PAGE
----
Those opposing the possible expansion of selection in education announced by the PM last week are, perhaps not unreasonably, mainly concerned about ‘those who are left behind.’ They argue that grammar schools would cream off the brightest and the best, leaving the less academically able in some kind of sink Secondary Moderns.
But that kind of language – and thinking - is really astonishingly out of date. If we are to compete with the rest of the world, we really do need to help the academically minded as much as we can, alongside the practically, business, music or sport-minded. Whatever your particular capabilities are, the education system should be designed to help them develop to their greatest capacity. Holding others back for fear of ‘leaving people behind’ achieves nothing for either group. Ours should be a true meritocracy in every sphere.
“Averaging down”, finding the Lowest Common Denominator, which the socialists always like to do helps no-one. My own grammar school (albeit also charging modest fees set according to ability to pay) was closed down by Labour in the 1960s, thereby converting a socially-inclusive, academically excellent school into a private one, which none but the richest can afford to attend.
The fact is that at the moment the best possible education goes to those who can pay for it. There are 2500 private schools in England today, teaching 625,000 pupils. There are 163 grammar schools teaching 163000, and there are a shade over 3 million attending the 3268 comprehensives. What the PM is proposing, is the ability to provide the very best in education for the very brightest pupils whether or not they live in the right area (a post-code lottery) or happen to have wealthy parents.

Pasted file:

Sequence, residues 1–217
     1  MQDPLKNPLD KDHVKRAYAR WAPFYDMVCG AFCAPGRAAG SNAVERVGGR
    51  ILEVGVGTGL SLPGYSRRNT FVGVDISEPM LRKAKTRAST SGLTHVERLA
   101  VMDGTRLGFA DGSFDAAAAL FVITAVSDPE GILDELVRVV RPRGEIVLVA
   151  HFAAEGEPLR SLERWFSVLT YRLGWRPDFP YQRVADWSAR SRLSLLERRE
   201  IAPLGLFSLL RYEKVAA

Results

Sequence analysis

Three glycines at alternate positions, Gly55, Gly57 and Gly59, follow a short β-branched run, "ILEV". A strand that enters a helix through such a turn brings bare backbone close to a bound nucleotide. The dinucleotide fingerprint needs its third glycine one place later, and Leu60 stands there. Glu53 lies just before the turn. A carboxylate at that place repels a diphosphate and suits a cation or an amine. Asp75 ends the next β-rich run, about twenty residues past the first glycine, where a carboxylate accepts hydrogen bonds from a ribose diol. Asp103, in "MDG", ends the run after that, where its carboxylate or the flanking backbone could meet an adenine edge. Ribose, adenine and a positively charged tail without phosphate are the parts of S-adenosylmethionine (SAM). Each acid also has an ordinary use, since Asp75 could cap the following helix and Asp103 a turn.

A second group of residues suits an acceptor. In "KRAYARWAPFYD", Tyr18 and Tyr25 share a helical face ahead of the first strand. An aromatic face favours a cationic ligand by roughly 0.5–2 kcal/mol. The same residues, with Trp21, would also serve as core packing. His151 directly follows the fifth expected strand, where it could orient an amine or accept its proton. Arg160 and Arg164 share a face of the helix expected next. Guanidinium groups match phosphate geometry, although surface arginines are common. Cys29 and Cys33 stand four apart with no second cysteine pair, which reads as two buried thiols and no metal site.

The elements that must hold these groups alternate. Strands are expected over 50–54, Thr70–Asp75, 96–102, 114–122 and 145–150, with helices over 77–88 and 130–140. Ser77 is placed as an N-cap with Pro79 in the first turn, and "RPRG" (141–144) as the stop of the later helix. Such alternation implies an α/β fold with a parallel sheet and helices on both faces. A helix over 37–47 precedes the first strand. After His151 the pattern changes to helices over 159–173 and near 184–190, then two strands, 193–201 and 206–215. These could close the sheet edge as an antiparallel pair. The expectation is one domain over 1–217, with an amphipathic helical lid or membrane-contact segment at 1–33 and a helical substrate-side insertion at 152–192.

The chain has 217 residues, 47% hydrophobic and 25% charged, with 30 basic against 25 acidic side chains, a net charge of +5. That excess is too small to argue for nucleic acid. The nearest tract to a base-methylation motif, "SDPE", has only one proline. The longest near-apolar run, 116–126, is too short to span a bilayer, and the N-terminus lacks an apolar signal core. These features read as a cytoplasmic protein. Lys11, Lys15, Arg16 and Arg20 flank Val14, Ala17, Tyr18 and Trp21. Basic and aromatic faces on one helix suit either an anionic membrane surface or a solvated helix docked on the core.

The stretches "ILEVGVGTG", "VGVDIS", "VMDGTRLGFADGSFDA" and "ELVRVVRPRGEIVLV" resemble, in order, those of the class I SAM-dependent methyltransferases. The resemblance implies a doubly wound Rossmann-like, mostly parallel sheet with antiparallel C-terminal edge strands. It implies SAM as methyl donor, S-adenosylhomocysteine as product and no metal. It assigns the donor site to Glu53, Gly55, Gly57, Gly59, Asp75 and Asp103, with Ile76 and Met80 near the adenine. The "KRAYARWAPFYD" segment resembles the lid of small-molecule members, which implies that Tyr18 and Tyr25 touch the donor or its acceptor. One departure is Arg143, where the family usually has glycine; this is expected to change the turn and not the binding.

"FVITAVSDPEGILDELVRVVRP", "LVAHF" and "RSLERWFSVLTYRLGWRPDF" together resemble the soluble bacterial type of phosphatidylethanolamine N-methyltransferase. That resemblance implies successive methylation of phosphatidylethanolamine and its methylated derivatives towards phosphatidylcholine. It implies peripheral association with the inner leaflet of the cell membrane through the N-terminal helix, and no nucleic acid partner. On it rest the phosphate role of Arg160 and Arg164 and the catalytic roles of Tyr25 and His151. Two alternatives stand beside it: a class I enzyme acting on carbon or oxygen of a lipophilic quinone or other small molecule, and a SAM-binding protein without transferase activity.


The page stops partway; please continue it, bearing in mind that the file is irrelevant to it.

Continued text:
Having said all of that, we are very fortunate in North Wiltshire in having simply outstanding comprehensive schools in Royal Wootton Bassett, Calne, Purton and Malmesbury (and of course in neighbouring Chippenham). We also have some of the very best private schools, such as St Mary’s Calne, a large number of selective schools in nearby Bath, and a small number of free schools as well. So I am not at all sure that I detect any need for, nor any appetite for a new grammar school in the area. When your education is as good as it is in our local schools, why change it? Our happy circumstances locally, however, should not of course prevent grammar schools elsewhere (as close as Salisbury).
Theresa May’s proposals seek to escape from the patronising egalitarianism of the 1960s, and free up educational provision so that everyone, whether they be academic, musical, sporting or practical, can have easy access to the education which will best develop those skills. It seems to me to be an imaginative, radical, and truly egalitarian proposal.